Chronic alcoholism and alcohol abuse are problematic issues that impact individuals on a global scale. According to the World Health Organization, approximately 2 billion people worldwide consume alcohol; in the United States, excessive alcohol use is the 3rd leading lifestyle-related cause of death each year. Alcoholism impacts people economically, socially, medically and nutritionally. With such significant consequences resulting from alcoholism, a focus on prevention and treatment measures can help improve prognosis and increase chances for recovery.
Nutritional impact of alcoholism
One interesting component of treatment for alcoholism involves nutritional rehabilitation. Chronic ingestion of alcohol can rapidly strip the body of critical nutrients needed for the body to function adequately. Many of the physical complications that result from alcoholism are the result of nutritional inadequacies. While a multi-specialty treatment approach is most effective for addressing alcoholism’s many complex factors, integrating a nutrition focus can also serve as an important catalyst for healing.
With repeated and chronic alcohol use, healthy and balanced meals are often replaced or missed altogether. As cravings for alcohol intensify and increase, the greater the chance that a person will choose alcohol over eating. This repeated pattern can contribute to malnutrition, as consumption of alcohol over food causes the body to lack needed nutrients. Alcohol abuse and addiction can also interfere with the body’s ability to digest and absorb nutrients from foods. Some of the key nutrients that are often lacking as a result of alcoholism include but are not limited to protein, vitamins and minerals.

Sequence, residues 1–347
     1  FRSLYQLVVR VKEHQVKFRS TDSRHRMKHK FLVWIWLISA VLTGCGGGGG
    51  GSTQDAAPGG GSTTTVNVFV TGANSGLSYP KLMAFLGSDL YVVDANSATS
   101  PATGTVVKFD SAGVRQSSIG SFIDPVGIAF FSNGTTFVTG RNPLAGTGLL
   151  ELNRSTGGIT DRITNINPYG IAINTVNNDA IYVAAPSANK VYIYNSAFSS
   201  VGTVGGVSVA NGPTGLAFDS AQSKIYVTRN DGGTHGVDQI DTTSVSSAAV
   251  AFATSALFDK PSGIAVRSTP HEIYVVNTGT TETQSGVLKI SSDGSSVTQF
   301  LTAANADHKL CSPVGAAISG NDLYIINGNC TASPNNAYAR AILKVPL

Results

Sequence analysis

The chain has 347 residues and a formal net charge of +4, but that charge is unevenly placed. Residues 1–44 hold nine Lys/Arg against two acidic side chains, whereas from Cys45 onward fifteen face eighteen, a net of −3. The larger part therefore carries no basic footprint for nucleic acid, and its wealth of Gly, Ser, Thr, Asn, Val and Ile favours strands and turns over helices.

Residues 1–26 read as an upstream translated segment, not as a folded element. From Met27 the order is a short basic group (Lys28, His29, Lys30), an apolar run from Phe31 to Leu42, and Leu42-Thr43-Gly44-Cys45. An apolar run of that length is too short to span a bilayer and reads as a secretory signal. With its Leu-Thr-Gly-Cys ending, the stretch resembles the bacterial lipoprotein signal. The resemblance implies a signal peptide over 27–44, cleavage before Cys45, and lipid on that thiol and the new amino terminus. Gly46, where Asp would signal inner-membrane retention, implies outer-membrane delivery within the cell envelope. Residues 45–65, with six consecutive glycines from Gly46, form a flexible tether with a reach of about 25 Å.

Malnutrition from alcoholism often creates a protein deficiency in the body. Protein is an essential building block of many crucial parts of the body, including cells, tissue, muscles and organs.
As the body and digestive system are exposed to increased amounts of alcohol, food ingestion and absorption can be significantly impaired. This can result in deficiencies of several vitamins that are necessary for basic physiological functions, such as cell maintenance, wound healing and metabolism. Some of the vitamins that alcoholics may be deficient in include vitamins A, D, E, K, and the B vitamins.
Minerals also contribute to many biological processes, and alcohol abuse or addiction can contribute to deficiencies. Some of the common mineral deficiencies that are observed in alcoholics include calcium, iron, magnesium and zinc.
Resulting medical complications
Malnutrition resulting from an alcohol addiction can lead to damaging physical consequences. Prolonged periods of chronic alcohol abuse can leave the body vulnerable to severe medical complications, many of which are caused by inadequate nutrition. This might include liver disease, pancreatitis, and neurological and brain complications.
Pregnant women who abuse alcohol can expose their developing baby to fetal alcohol syndrome and nutritional deficiencies that can prove fatal to the fetus.
The most effective way to repair the medical and nutritional complications that have resulted from alcoholism or alcohol abuse is to seek professional treatment. By disengaged from alcoholic behaviors, practicing sobriety, and receiving necessary treatment, individuals who have been impacted by alcoholism can begin to heal and recover. The good news is that the human body is resilient and, when given the opportunity, can be repaired with proper treatment.
Sovereign Health Treatment Centers of California offer treatment programs for alcoholism recovery, including an alcohol rehabilitation treatment center and an alcohol detox center, which can help an individual achieve recovery and healing. These comprehensive alcohol treatment programs are custom-made to address the unique issues that a person might be facing. If you or a loved one would like to learn more about the options you have to recover from alcoholism, please call (866) 819-0427 for more information.
Written by Crystal Karges, Sovereign Health Group writer